Wednesday, April 1, 2015

Growing together

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     to help you better manage your small business.

     Informal arrangements between two or more small business can help both. These are not formal partnerships--that's another subject. 

     But small businesses can share the costs of space and expenses. This arrangement works best with businesses that don't compete with each other but target the same or similar markets.

     Example: Dr. Smith is an ophthalmologist. He wanted to move into larger office space, and at the same time he decided to form an informal relationship with an audiologist. In new offices they maintain their practices entirely separate, but they share the expense of common areas and a single receptionist who serves the two. It's the new Eyes & Ears place in town. 

     A spillover of clients and referrals can occur when two non-competing medical practitioners come together at the same location. Think chiropractors and nutritionists, podiatrists and massage specialists, dermatologists and psychotherapist. Even tradespeople (plumbers, electricians and others) can explore having a common office that can eventually grow into a one-call service for homeowners.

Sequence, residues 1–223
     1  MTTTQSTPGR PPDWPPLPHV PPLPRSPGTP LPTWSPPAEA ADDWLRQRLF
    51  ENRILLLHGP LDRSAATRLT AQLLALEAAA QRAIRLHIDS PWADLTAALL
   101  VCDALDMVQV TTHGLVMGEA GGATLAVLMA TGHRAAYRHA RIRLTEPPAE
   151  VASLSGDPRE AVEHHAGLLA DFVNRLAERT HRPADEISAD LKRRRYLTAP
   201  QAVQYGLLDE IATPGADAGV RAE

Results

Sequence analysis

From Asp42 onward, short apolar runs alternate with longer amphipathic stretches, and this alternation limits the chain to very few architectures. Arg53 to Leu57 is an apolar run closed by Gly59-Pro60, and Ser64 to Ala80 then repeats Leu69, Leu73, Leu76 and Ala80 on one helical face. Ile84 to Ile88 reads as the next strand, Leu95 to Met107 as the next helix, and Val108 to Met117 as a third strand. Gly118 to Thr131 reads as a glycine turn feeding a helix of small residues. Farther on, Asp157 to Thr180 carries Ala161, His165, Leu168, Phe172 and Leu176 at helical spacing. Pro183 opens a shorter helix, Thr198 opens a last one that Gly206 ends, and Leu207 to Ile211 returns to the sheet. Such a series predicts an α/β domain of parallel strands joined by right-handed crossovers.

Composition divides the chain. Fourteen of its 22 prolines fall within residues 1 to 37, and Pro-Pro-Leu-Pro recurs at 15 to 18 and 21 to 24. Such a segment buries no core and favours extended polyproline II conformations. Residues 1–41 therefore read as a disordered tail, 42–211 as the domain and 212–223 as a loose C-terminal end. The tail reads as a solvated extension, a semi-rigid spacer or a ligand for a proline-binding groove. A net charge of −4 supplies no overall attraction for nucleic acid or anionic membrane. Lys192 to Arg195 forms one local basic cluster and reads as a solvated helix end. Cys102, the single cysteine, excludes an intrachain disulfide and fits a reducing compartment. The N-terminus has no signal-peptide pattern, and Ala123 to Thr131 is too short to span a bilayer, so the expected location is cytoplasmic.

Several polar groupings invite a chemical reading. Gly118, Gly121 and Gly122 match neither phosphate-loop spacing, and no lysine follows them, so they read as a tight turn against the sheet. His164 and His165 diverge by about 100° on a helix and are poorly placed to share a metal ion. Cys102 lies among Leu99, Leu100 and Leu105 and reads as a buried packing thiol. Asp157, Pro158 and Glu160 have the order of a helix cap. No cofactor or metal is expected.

Example: Artists and artisans can find it too expensive to afford a working studio that is open to the buying public. But a jewelry maker and a fiber artist can share space without getting in each other's way. By coordinating schedules, one of them is always on hand to answer phones and handle customers. Some take it the next level--with several artists sharing the same big studio. Potters, for example, can share kilns and space. They can welcome the public every day of the week or hold events from time to time. 

     Example: Massage therapists, nutritionists, hypnotherapists and holistic practitioners can benefit by coming together in a shared location. There are instances when these types of informal arrangements grew into full-fledged wellness centers or spa operations.

     You need to think through the benefits and drawbacks of any such arrangement before proceeding. Does is fit in your long term goals? Will it help you in the marketplace? Are you compatible with the other person and the business that will now be next to yours? 

     Growing together is about much more than saving money. Yes, you can save real dollars by sharing space and expenses. But if you cannot get along with the other person, don't do it. 

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